Photo by William Arcand for Flanelle Magazine
I grew up thinking that emotions are a sign of weakness. Especially in business. As women we’re often told if we want to make it in a man's world we have to put aside our girlish tendencies to feel, care, be compassionate, an attitude ingrained in men since they were children. That toxic masculinity, be strong, be cold, be cut throat, show no compassion, show no fear, have no feelings or else you’re weak weak weak. Women are allowed to have feelings although these said feelings are what relegate us to being dismissed as frivolous. Women are emotional, erratic, dramatic. As if passion is a bad thing. This extends to relationships with men as well. Growing up wanting to stand my ground, be treated as an equal, it became clear that being a high maintenance demanding emotional girl or girlfriend was to be avoided at all costs. I wanted to be the chill girl. The laidback girl, that could hang with the boys, that put aside typically feminine character traits, that didn’t need a ‘lame’ label like girlfriend. Easygoing, laissez-faire, open minded.
By being ‘chill’ and putting aside my feelings I was denying a crucial stage of development and of the human experience. Yes it will hurt. Ya, my feelings won’t always be reciprocated. Sometimes people will laugh at me. Maybe they'll think I'm stupid and emotional. But speak your truth anyways. Put it out there. It’s the only way to live if you want the possibility of authentic and meaningful experiences. We are a results focused society. We judge ourselves based on the outcome. What I’ve recently learnt is to make decisions based on my values, on what is in line with who I am and what I want to put out into the world. Regardless of the outcome. This can be applied to anything from what to wear, what to post on instagram, what to text that boy you have a crush on, how to approach that job interview. I’m not saying we have to always say everything we’re feeling. I’m saying we have to make more self-honouring choices and become more comfortable with discomfort. The more we are aware of our feelings, the more honest we are with ourselves, the more honest we can be with others. We’ll stop seeking out those damaging experiences and we’ll stop reliving old, unfulfilling patterns and have a chance at real connections.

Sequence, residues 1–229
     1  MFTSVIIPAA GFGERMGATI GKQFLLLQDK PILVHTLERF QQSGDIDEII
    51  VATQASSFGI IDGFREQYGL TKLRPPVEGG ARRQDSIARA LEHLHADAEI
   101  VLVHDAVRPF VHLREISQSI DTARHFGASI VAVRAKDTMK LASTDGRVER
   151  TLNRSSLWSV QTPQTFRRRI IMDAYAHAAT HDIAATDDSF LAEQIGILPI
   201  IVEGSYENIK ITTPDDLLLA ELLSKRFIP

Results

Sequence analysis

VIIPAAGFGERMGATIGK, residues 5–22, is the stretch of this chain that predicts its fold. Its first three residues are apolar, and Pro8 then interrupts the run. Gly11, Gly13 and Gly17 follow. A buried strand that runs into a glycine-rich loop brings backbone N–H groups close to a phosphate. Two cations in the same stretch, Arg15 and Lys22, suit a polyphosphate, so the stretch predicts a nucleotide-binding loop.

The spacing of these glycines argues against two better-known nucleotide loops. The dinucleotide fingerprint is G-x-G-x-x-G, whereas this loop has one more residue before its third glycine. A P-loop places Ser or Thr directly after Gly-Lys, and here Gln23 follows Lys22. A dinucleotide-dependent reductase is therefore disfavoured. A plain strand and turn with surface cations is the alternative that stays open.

Besides, people tend to mirror your vulnerability. And if they don't, well fuck it. You'll feel liberated and empowered by having opened up instead of hiding being the facade of cool.